While traveling through Jerusalem one day in 2009, I saw a pile of white rock, mangled and forged together. I asked my cab driver what it was. I was astonished when he said, “That is from 586 BC.” I recognized the date immediately as the beginning of what we know as the Times of the Gentiles.
Are you familiar with this term? It only appears once in Scripture. Jesus spoke of the Times of the Gentiles in Luke 21:24, saying, “And they will fall by the edge of the sword, and be led away captive into all nations. And Jerusalem will be trampled by Gentiles until the times of the Gentiles are fulfilled.”
The Times of the Gentiles began in 586 BC, with the Babylonian conquest of Jerusalem. King Nebuchadnezzar’s armies breached the city’s wall, destroyed the Temple and the city’s palaces, and took the tribes of Judah captive. While the Jewish people lived under his rule in Babylon, Nebuchadnezzar had a dream, which Daniel both disclosed and interpreted for him of a great image that begins with a head of gold, chest and arms of silver, a belly of bronze, legs of iron, and feet of both iron and clay (Daniel 2:24–45).
The image of Nebuchadnezzar’s dream describes the beginning and ending of the Times of the Gentiles for Israel and the Jewish people.
Daniel directly interpreted the image’s gold head as a symbol of Nebuchadnezzar himself and his empire. The chest and arms of silver, though “inferior to” Babylon (v. 39), would arise after that nation, meaning it must refer to Medo-Persia. The following kingdom, the belly and thighs of bronze, referred to Greece, while the fourth kingdom, having legs of iron, referred to Rome. The final nation, with feet of iron and clay, is the kingdom that will be struck by the stone, the Messiah Jesus. This stone will destroy the world’s kingdoms to establish the heavenly Kingdom. Thus, the image of Nebuchadnezzar’s dream describes the beginning and ending of the Times of the Gentiles for Israel and the Jewish people.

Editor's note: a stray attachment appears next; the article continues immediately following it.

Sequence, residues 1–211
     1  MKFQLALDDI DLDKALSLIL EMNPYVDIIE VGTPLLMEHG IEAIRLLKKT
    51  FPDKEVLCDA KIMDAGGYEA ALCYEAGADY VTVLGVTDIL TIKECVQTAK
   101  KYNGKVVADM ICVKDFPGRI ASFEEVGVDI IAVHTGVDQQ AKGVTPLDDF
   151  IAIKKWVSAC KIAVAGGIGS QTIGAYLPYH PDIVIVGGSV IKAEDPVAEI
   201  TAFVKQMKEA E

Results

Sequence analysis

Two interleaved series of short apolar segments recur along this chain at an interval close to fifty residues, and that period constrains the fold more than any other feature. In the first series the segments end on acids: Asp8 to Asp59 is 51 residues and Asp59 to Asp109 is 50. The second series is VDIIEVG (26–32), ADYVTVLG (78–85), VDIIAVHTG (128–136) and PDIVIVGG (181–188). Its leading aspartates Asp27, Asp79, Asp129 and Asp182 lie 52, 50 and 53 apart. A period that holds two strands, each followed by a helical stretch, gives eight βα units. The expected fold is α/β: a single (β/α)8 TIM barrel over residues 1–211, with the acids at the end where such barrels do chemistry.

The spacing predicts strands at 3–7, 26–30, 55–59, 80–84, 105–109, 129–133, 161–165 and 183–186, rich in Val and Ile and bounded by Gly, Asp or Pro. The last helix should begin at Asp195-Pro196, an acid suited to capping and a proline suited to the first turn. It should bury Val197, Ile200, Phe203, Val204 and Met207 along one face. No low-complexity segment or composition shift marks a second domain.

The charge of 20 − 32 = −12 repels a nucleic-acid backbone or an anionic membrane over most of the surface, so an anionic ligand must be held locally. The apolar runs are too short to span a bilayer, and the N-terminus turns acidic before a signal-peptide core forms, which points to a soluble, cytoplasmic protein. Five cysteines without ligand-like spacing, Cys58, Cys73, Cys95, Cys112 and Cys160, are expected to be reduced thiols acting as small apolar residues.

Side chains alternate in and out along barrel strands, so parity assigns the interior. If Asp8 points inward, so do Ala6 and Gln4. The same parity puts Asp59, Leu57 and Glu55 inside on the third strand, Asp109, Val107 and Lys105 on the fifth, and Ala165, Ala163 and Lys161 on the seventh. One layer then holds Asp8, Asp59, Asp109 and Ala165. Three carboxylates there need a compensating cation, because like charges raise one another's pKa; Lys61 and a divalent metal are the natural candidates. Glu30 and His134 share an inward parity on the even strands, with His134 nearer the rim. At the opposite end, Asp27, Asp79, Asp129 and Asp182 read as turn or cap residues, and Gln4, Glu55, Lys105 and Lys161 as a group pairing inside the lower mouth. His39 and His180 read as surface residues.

Deuteronomy 28:62–68 gives insight into this time period. This passage explains the punishment, or the chastening, the Jewish people would experience if they turned away from God. They would be removed from the land, scattered around the world, and would experience severe persecution, which all came to pass. The passage, however, does not tell how long the dispersion would last. Starting with the destruction of the Second Temple in Jerusalem in AD 70, the dispersion ultimately lasted nearly 2,000 years.
Though Israel regained the land in 1948 and regained control of Jerusalem in 1967, the Times of the Gentiles continue to this day. With international government agencies like the United Nations and nations like the United States having influence over the leaders and people of Israel, it’s evident that we are still in the Times of the Gentiles.
At the Second Coming of Jesus Christ, He will bring the Times of the Gentiles to their conclusion.
The Times will continue until an unknown date in the future when the rightful King, Jesus Christ, comes to redeem Israel and crush Israel’s enemies (Daniel 2:44; Zechariah 12:10–14; 13:1; 14:1–11). At the Second Coming of Jesus Christ, He will bring the Times of the Gentiles to their conclusion: first, in crushing Israel’s enemies, then at the judgment of the nations known as the sheep and goats judgment (Matthew 25:31–46). The litmus test at this time is their treatment of the Jewish people, whom Jesus calls My brethren; it involves blessing and cursing (Genesis 12:3). He will bless those who served the Jewish people. He will curse those who rejected and ignored the Jewish people, “and these will go into everlasting punishment” (Matthew 25:46).
What an opportunity we have in these times today to offer comfort, aid, and support to the Jewish people, pointing them to the ultimate Help and Savior, Jesus Christ! May we be faithful in doing so until He comes.